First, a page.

The SEC has looked into these complaints and has learned that in many cases, the soliciting entities are not registered in the United States as they claim or imply. In an effort to warn the public about these entities, the SEC is publishing information it has learned in reviewing these complaints

For each of the entities named below, our staff has determined either (1) that there is no US registered securities firm with this name, or (2) that there is a US registered securities firm with the same (or a similar) name but that solicitations appear to have been made by persons who are not affiliated with the US registered securities firm.

In addition, the "Comments" section for each entity provides additional relevant information we have learned, by answering the following questions:

Is the entity registered in the United States?

Is the entity using a name that is the same as, or similar to, the name of a US registered securities firm notwithstanding the fact that the soliciting persons are not affiliated with a US registered securities firm? FINRA (formerly, the "NASD") maintains a public registry of its broker-dealer members and their sales personnel. Using this website, you can verify both the registration and address of any FINRA-registered US broker-dealer and any individual US securities broker. Checking PAUSE is not a substitute for checking the public registry. Here is the link to that registry: nasd.com
ChecktheBackgroundofYourInvestmentProfessional/index.htm

Does the entity claim an endorsement, approval or other support by a governmental agency or international organization that does not exist or does not really lend support to the entity or the investments it is offering? For a list of fictitious governmental agencies and international organizations that are referenced in investor complaints, [click here]. As reflected in the SEC's investor alert entitled, "Fake Seals and Phony Numbers: How Fraudsters Try to Look Legit," the SEC does not "approve" or "endorse" any particular securities, issuers, products, services, professional credentials, firms, or individuals, and does not allow private entities to use its government seal. Here is the link to the SEC investor alert: sec.gov.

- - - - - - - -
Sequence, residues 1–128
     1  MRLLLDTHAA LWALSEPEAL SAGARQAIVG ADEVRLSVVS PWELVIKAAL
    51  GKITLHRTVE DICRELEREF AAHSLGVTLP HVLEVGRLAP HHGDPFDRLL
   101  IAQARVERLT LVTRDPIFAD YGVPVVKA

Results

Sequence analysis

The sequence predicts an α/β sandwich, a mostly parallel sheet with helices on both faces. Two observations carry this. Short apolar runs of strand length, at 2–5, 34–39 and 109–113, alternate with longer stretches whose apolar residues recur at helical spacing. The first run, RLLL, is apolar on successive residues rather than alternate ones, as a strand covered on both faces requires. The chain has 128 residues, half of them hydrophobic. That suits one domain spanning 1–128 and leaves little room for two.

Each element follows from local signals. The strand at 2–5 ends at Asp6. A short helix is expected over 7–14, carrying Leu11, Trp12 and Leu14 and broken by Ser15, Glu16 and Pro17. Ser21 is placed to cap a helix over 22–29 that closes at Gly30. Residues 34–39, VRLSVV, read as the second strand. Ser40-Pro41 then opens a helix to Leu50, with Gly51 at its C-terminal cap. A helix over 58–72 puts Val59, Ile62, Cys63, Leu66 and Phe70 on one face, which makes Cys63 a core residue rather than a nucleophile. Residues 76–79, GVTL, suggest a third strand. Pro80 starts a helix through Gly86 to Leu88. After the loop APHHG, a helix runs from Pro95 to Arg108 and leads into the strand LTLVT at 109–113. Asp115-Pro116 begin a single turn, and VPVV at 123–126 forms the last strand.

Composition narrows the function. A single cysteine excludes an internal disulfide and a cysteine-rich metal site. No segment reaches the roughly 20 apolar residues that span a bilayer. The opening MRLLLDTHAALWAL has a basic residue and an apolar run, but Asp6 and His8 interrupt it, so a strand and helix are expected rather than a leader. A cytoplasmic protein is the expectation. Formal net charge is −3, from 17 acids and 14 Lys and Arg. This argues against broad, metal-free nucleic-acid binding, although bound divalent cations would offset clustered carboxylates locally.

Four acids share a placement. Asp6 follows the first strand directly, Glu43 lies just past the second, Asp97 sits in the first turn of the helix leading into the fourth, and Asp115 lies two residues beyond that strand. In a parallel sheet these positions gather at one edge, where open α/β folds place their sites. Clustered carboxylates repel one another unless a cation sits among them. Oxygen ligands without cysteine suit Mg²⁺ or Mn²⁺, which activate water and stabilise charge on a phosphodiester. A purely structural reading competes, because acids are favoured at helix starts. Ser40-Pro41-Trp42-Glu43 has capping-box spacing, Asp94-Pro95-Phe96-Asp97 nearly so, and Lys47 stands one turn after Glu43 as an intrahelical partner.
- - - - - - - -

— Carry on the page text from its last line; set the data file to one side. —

The SEC will regularly update this list.

You should be aware that this list does not include all unregistered entities or entities that have been the subject of complaints received by the SEC. Also, you should understand that the inclusion of a name on this list does not mean that the SEC has concluded that a violation of the US securities laws has occurred or that the SEC has made any judgment about the merits of the securities being offered by these entities.